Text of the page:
Alan I. Leshner and James A. Thomson hammer Krauthammer and the Bush administration.
Thomson is the leader of one of the teams that made the interesting scientific discovery which Bush modestly claimed was due to him.
Standing in the Way of Stem Cell Research
By Alan I. Leshner and James A. Thomson Monday, December 3, 2007; Page A17
A new way to trick skin cells into acting like embryos changes both everything and nothing at all. Being able to reprogram skin cells into multipurpose stem cells without harming embryos launches an exciting new line of research. It's important to remember, though, that we're at square one, uncertain at this early stage whether souped-up skin cells hold the same promise as their embryonic cousins do.
Far from vindicating the current U.S. policy of withholding federal funds from many of those working to develop potentially lifesaving embryonic stem cells, recent papers in the journals Science and Cell described a breakthrough achieved despite political restrictions. In fact, work by both the U.S. and Japanese teams that reprogrammed skin cells depended entirely on previous embryonic stem cell research.
I would add more. The modification which makes adult cells act like stem cells involves adding genes with retrovirus vectors. Back before Bush decided to save blastocysts destined for the toilet, genetically modified cells in people were the big bioethical shibboleth. Frankly, even a rabid enthusiast like me would rather avoid combining gene therapy and stem cells.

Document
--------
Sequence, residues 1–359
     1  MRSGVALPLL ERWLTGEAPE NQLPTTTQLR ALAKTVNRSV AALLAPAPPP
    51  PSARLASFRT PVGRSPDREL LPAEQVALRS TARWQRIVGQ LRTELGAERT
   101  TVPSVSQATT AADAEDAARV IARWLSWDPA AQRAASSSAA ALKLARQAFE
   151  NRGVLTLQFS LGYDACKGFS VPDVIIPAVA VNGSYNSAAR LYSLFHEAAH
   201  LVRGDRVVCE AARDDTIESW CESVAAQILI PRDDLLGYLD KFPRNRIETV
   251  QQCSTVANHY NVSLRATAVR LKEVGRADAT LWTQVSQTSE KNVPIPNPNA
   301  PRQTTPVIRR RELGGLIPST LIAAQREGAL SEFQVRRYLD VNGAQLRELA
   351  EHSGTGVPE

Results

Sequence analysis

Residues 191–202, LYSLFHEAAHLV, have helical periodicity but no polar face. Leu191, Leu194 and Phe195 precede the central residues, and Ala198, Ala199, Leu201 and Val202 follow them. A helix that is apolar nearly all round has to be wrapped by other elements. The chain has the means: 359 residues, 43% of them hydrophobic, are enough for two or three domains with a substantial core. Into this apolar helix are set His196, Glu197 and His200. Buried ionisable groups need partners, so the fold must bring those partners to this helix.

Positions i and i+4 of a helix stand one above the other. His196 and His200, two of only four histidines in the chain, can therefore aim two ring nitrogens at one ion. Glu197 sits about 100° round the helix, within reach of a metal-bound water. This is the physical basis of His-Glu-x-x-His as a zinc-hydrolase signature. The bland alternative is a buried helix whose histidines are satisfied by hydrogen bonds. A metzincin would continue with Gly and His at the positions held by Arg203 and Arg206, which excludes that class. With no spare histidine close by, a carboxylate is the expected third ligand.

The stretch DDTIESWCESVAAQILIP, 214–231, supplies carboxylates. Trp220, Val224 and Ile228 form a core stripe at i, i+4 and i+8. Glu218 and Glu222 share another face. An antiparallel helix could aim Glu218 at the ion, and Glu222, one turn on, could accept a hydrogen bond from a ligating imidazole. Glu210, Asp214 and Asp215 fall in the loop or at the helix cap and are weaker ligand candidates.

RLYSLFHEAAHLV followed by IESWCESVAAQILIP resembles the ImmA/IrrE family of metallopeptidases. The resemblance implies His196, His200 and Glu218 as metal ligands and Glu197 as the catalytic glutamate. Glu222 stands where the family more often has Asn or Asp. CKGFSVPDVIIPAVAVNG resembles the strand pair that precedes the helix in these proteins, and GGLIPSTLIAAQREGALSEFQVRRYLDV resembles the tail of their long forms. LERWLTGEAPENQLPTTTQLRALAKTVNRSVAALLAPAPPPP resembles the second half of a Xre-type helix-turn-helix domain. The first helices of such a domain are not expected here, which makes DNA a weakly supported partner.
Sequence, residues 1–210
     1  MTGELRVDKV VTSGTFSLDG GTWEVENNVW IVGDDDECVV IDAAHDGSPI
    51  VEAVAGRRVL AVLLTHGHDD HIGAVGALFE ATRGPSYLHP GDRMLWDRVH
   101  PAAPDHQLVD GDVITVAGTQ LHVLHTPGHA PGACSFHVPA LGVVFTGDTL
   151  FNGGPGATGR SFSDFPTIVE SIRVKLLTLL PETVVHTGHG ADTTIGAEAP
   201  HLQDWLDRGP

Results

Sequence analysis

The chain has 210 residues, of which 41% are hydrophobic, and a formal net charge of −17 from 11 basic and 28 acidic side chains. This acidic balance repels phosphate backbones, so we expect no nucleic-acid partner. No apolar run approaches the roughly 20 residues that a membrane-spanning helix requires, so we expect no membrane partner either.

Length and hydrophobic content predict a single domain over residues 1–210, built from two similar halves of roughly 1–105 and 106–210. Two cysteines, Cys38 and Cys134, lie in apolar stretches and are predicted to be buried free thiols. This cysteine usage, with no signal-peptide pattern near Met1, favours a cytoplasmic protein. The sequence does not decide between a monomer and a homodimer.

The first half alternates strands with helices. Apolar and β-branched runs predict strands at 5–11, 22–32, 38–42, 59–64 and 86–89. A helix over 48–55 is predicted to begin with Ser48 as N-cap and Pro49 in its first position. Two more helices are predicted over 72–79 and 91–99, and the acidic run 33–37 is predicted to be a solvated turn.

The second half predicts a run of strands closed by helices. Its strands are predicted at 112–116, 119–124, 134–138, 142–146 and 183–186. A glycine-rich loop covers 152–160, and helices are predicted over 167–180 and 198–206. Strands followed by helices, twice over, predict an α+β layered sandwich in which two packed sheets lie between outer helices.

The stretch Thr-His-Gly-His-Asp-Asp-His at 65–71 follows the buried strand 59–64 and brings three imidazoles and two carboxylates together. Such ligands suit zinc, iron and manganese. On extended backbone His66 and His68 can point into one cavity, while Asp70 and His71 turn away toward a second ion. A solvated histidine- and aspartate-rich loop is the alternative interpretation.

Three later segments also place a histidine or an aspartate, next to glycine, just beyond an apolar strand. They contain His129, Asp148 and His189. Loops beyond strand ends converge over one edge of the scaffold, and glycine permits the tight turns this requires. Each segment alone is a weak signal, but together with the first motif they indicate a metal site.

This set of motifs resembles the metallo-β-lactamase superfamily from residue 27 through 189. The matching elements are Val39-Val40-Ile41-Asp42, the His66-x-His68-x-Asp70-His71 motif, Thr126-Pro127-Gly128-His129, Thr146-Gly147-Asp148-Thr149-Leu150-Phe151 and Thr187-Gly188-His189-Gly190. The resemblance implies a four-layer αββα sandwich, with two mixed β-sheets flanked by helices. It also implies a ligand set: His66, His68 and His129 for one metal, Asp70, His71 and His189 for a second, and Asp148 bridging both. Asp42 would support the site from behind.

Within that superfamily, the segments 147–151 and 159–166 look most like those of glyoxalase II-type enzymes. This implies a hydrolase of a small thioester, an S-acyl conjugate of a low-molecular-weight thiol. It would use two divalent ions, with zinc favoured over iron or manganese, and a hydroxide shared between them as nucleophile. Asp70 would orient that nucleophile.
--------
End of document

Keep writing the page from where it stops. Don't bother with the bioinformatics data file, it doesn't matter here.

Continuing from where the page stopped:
Since stem cells differentiate (the point) it is hard to know if the insert will cause problems when the cell differentiates into this or that.
I have long supported putting herpes tK in along with added genes so that the resulting cells can be selectively destroyed with gancyclovir if necessary. More importantly so has my dad who was a member of a gene therapy advisory commission. They ignored him and someone got a leukemia.
There is no need to add genes to make stem cells. The same result can be obtained by putting an adult cell's nucleus in a zygote whose nucleus has been zapped or removed (it's called cloning). This procedure can produce stem cells genetically identical to the patients cells with no added genes or virus vectors. I don't see any ethical difference.
Huh ! no difference ? Why ?
Well if the modified cells are really like embryonic stem cells it should be possible to grow a whole mouse out of them by grafting them on to a blastocyst* (it's been done check the latest Nobel prize). If it works in humans, the adult stem cells have the potential to develop into a human being. Since that is the absurd standard for calling blastocysts people, if the anti stem cell research fanatics were intellectually coherent and serious, they would denounce adult stem cell research as research on little baby people. And pigs would fly.